Tackle antisemitism, not the ‘Yid Army’ chants

Spurs fans: language reclaimers? Peter Byrne/PA

Tackle antisemitism, not the ‘Yid Army’ chants

Spurs fans: language reclaimers? Peter Byrne/PA

Is it always wrong to use racial epithets, regardless of the context? It’s an old debate, recently revived and applied to football fans. The Football Association (FA), anti-racism campaigners and Jewish groups all say such terms should have no place in football. But Tottenham’s “Yid Army” would disagree.

It’s a hot topic right now as The FA has issued a statement warning fans that those caught using the term “Yid” are liable for criminal prosecution and a Football Banning Order.

The word “Yid” (literally meaning “Jew”) emerged from the Eastern European language, Yiddish. It originally had no pejorative connotation and was used as a term of endearment and familiarity. The word only became a derogatory epithet employed by antisemites when the Nazis started to abbreviate Yiddish speakers to “Yids”.

The FA’s warning was aimed at the fans of Tottenham Hotspur, a football club with an historically complicated relationship with the term “Yid” for over 40 years. This stems from Tottenham traditionally attracting Jewish fans as a result of its location in north London, near Hasidic Jewish communities that settled there in the 1930s as they fled persecution in Europe. This relationship has been perpetuated by Tottenham historically having Jewish players, coaches and especially owners, including the last three chairmen: Irving Scholar (1982-1991), Alan Sugar (1991-2001) and Daniel Levy (2001-present).

However, this Jewish connection led to Tottenham fans being targeted as “Yids”. Songs about the Holocaust are often aimed at them, together with hissing sounds simulating the noise of Nazi gas chambers, particularly from sections of London rivals Chelsea and West Ham United’s fans.

In response to this bigotry in the 1970s, many Tottenham supporters – both Gentiles and Jews – appropriated “Yid” and variations such as “Yiddo” in their own chants as a badge of honour. This apparent attempt to deflect the antisemitic abuse and defuse its power as an insult is now a cornerstone of Tottenham fan culture. Some Tottenham fans (like those of AFC Ajax in Amsterdam) have even adopted the Star of David on flags, clothing and tattoos even though the sign is not permitted by the club on official merchandise.

Reclaiming language

This use of “Yid” can be understood as a form of “linguistic reclamation”, that is, the appropriation of a pejorative epithet by its target to challenge and expunge the stigma associated with the word. There are parallels here with the reclamation of other slurs by feminists, gays and lesbians, and the black community.

Looking at the word “queer”, Robin Brontsema argues that there are at least three identifiable goals to this reclamation: 1) value reversal to transform the negative meaning into a positive one; 2) neutralisation to nullify the force of the word; 3) stigma exploitation whereby the stigma is purposefully retained as a confrontational, revolutionary call.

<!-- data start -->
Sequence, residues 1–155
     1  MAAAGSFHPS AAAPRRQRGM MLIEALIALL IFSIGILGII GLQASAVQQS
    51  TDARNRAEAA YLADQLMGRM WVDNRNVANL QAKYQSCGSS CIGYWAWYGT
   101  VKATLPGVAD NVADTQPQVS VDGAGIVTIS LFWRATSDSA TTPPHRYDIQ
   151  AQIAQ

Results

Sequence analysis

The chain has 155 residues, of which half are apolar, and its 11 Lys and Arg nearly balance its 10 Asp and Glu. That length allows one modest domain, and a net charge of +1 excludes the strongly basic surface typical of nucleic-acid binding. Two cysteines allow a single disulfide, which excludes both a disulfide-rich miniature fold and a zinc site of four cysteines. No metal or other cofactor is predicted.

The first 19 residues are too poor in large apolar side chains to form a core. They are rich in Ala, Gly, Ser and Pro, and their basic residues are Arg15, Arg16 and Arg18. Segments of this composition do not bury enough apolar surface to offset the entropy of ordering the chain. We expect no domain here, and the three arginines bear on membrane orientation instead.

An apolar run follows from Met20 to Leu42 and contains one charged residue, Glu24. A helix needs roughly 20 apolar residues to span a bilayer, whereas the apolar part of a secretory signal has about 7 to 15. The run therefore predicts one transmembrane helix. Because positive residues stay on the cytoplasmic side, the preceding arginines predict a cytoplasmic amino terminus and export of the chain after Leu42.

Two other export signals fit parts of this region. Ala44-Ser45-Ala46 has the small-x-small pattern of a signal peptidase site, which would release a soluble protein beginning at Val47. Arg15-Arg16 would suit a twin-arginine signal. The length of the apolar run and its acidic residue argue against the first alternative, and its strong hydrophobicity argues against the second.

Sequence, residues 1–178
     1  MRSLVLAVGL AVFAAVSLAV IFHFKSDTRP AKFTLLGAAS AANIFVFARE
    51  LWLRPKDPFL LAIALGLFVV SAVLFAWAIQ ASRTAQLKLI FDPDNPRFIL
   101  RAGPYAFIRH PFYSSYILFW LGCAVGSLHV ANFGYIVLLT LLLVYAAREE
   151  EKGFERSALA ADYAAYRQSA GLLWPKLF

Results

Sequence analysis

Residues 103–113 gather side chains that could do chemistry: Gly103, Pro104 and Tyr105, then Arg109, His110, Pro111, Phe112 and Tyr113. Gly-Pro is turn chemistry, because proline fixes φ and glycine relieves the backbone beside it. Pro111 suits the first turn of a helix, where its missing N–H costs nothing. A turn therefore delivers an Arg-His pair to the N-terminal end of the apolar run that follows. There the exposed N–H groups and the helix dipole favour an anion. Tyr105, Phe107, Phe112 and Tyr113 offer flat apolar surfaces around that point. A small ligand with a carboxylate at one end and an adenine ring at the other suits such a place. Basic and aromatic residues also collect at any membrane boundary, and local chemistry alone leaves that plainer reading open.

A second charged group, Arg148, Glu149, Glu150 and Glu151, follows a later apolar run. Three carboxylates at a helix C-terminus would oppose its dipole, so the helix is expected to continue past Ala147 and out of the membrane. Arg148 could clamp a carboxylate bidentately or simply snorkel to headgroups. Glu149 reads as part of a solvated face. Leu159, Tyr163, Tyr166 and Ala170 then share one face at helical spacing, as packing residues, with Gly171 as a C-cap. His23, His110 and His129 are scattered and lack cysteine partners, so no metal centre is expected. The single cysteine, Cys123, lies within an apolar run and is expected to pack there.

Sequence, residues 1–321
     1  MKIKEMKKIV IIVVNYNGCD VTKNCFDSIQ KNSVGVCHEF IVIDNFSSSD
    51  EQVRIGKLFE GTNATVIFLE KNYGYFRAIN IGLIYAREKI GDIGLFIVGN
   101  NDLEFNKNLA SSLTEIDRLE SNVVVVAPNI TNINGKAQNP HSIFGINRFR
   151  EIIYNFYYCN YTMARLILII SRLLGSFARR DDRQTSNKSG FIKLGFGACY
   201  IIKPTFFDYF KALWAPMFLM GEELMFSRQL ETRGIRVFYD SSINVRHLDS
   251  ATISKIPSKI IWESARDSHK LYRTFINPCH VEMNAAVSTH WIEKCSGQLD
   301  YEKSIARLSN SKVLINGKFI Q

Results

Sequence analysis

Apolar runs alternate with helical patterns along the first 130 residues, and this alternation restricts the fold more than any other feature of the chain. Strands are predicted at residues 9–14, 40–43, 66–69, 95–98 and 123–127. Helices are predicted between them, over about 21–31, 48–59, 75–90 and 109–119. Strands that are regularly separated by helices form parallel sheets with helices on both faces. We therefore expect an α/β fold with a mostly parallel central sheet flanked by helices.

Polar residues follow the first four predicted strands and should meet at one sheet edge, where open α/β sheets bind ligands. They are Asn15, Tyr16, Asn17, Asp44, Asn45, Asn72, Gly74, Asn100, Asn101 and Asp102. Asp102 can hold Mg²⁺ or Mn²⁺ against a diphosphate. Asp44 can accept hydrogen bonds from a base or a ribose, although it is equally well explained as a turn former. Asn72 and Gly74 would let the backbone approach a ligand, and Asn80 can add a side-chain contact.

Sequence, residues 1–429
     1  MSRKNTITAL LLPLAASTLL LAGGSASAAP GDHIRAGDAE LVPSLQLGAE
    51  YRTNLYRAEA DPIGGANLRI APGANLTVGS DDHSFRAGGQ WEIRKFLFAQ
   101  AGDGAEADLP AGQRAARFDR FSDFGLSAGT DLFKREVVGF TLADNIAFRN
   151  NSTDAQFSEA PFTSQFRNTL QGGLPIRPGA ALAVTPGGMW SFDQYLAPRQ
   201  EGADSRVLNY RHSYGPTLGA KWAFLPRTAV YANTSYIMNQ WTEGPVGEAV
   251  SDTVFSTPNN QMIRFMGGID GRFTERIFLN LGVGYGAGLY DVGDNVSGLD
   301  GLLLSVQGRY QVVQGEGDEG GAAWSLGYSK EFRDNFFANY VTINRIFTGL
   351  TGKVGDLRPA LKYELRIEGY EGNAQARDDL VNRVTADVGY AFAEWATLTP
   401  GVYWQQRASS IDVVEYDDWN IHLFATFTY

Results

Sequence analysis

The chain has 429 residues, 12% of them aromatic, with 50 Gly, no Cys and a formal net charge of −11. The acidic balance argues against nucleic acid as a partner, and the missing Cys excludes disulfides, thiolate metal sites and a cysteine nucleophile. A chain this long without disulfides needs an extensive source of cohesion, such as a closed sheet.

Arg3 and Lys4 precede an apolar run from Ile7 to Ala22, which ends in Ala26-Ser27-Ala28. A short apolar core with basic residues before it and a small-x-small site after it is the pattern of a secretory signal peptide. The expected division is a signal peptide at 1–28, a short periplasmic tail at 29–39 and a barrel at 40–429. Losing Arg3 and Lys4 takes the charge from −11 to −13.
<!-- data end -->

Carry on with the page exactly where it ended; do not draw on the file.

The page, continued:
These goals can also be understood – but are often overlooked – as driving factors behind the use of “Yid” by Tottenham fans. Another oversight is that many rival fans innocently refer to Spurs fans as “Yids” in the same way that fans of Arsenal are referred to as “Gooners” or fans of Liverpool and Everton as “Scousers”. For many fans today, the word “Yid” has become disconnected from its original Jewish meaning and is now synonymous with Tottenham Hotspur.

The FA’s statement has reignited a major debate in the national press, on radio phone-ins and via social media between football fans, Jewish groups, social commentators and the Society of Black Lawyers.

Even David Cameron has had his say, attempting to highlight the potential different uses and contextual meanings of the word.

There’s a difference between Spurs fans self-describing themselves as Yids and someone calling someone a Yid as an insult… Hate speech should be prosecuted - but only when it’s motivated by hate.

Cameron was accused of hypocrisy by Jewish comedian, David Baddiel, on the grounds that the Prime Minister would not have had the same reaction if the chants had been about other ethnic minorities. Baddiel has long fought against antisemitism in football. He and his brother Ivor, both Chelsea fans, made a short film in 2011 campaigning against use of the “Y-word” for football’s equality and inclusion organisation Kick It Out. The film caused resentment among the Tottenham fan base, who believed that they were misguidedly the focus of the film, rather than their abusers from West Ham and Chelsea.

Many Tottenham fans resent The FA’s warning, pointing to the context in which they use “Yid” – as a term of endearment – in contrast to its use by some of their opponents as an epithet. Last weekend, many Tottenham fans voiced their disapproval with defiant choruses of “We’re Tottenham Hotspur! We’ll sing what we want!” followed by their chant of “Yid Army!”

Tottenham have announced that they will canvass fans on their opinions on “whether now is the time to stop using this [Jewish] identity”. But despite this many fans are concerned that their voices are not being heard.

One way to progress this sensitive and complex debate would be through achieving a greater understanding of antisemitism in football and of Tottenham Hotspur’s relationship with Judaism. We must recognise the complexity of language: that the use of once-racist terms can have different meanings and effects in different contexts.

A more sophisticated and comprehensive understanding of the uses of “Yid” in football fandom would acknowledge the fluidity of linguistic reclamation and “ownership”. This is something The FA, the “Y-Word” filmmakers and the Society of Black Lawyers have failed to do thus far through their “zero tolerance” approach.